Stop forcing regulated entities to lend to subprime and worse risks because of the color of the borrower’s skin or the poverty rate in the borrower’s neighborhood. It’s rational, reasonable and (should be) completely legal for banks to lend based on a borrower’s credit risk. If that means fewer minorities qualify for loans, fine. At least taxpayers aren’t backstopping crappy loans made solely for racist reasons.
To protect lower income and poor credit risk borrowers, either updated the Section 8 voucher program or give renters a tax credit phasing out based on income. ‘Puter’s no fan of handouts, but this solution is so much cheaper than the risk of creating another financial crisis, ‘Puter’s willing to hold his nose and deal with it.
Phase out the mortgage interest deduction over the weighted average maturity of all currently issued and outstanding consumer mortgage debt. This will give borrowers and lenders time to adjust before renters stop subsidizing mortgagors.
To protect consumers, regulators could collar the interest rate risk for the consumer by instituting annual ceilings on increases, and perhaps lifetime ceilings on shorter term (3-5 year maturity) obligations.
‘Puter’s idea is vastly superior to anything likely to come out of the White House Where No One Ever Worked in the Private Sector Ever. ‘Puter’s ideas are simple, cost nothing and get government out of market manipulation altogether.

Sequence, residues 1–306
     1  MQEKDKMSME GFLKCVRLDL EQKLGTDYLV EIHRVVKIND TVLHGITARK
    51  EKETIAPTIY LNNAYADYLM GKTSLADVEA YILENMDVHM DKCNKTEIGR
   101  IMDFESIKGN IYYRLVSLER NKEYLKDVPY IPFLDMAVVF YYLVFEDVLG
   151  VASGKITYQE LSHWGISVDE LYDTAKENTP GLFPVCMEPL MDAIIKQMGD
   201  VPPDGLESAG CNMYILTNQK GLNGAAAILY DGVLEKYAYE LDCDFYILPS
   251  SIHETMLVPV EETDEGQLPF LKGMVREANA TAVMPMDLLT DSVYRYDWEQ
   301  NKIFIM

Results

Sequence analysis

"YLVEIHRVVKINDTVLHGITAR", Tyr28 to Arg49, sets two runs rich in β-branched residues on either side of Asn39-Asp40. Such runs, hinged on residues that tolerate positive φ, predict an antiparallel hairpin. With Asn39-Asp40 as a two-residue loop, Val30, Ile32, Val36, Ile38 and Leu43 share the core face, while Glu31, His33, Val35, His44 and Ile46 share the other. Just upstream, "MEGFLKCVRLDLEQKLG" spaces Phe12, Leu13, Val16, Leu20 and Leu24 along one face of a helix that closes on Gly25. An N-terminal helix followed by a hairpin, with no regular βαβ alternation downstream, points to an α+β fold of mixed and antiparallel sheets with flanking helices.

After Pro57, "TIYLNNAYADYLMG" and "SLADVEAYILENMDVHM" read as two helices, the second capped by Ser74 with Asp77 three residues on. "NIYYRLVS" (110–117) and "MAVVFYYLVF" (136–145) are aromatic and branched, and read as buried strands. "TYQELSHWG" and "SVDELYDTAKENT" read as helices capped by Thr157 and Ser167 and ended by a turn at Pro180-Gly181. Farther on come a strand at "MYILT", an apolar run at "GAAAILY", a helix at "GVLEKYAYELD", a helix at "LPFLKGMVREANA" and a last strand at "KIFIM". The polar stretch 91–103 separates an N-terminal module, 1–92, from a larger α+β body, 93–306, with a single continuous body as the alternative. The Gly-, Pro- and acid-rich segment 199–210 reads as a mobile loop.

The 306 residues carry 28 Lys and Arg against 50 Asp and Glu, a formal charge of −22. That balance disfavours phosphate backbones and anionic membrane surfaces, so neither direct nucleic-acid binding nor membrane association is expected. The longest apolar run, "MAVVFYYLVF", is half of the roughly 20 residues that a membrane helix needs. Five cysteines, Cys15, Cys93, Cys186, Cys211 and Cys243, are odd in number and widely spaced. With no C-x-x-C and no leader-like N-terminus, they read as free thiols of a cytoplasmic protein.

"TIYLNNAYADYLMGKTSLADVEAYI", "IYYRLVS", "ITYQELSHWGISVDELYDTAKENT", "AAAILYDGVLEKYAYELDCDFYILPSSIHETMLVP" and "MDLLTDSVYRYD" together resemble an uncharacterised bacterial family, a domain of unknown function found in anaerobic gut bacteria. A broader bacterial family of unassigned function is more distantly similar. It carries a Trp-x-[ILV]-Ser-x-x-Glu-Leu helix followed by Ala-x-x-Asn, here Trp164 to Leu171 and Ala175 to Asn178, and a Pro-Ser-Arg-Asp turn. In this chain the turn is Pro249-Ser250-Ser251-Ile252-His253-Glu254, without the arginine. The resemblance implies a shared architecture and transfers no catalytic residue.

And because ‘Puter’s ideas would eliminate opportunities for graft and vote-buying by Congress and the President, they have no chance of becoming law.
Always right, unless he isn’t, the infallible Ghettoputer F. X. Gormogons claims to be an in-law of the Volgi, although no one really believes this.
’Puter carefully follows economic and financial trends, legal affairs, and serves as the Gormogons’ financial and legal advisor. He successfully defended us against a lawsuit from a liquor distributor worth hundreds of thousands of dollars in unpaid deliveries of bootleg shandies.
The Geep has an IQ so high it is untestable and attempts to measure it have resulted in dangerously unstable results as well as injuries to researchers. Coincidentally, he publishes intelligence tests as a side gig.
His sarcasm is so highly developed it borders on the psychic, and he is often able to insult a person even before meeting them. ’Puter enjoys hunting small game with 000 slugs and punt guns, correcting homilies in real time at Mass, and undermining unions. ’Puter likes to wear a hockey mask and carry an axe into public campgrounds, where he bursts into people’s tents and screams. As you might expect, he has been shot several times but remains completely undeterred.
He assures us that his obsessive fawning over news stories involving women teachers sleeping with young students is not Freudian in any way, although he admits something similar once happened to him. Uniquely, ’Puter is unable to speak, read, or write Russian, but he is able to sing it fluently.
Geep joined the order in the mid-1980s. He arrived at the Castle door with dozens of steamer trunks and an inarticulate hissing creature of astonishingly low intelligence he calls “Sleestak.” Ghettoputer appears to make his wishes known to Sleestak, although no one is sure whether this is the result of complex sign language, expert body posture reading, or simply beating Sleestak with a rubber mallet.
‘Puter suggests the Czar suck it.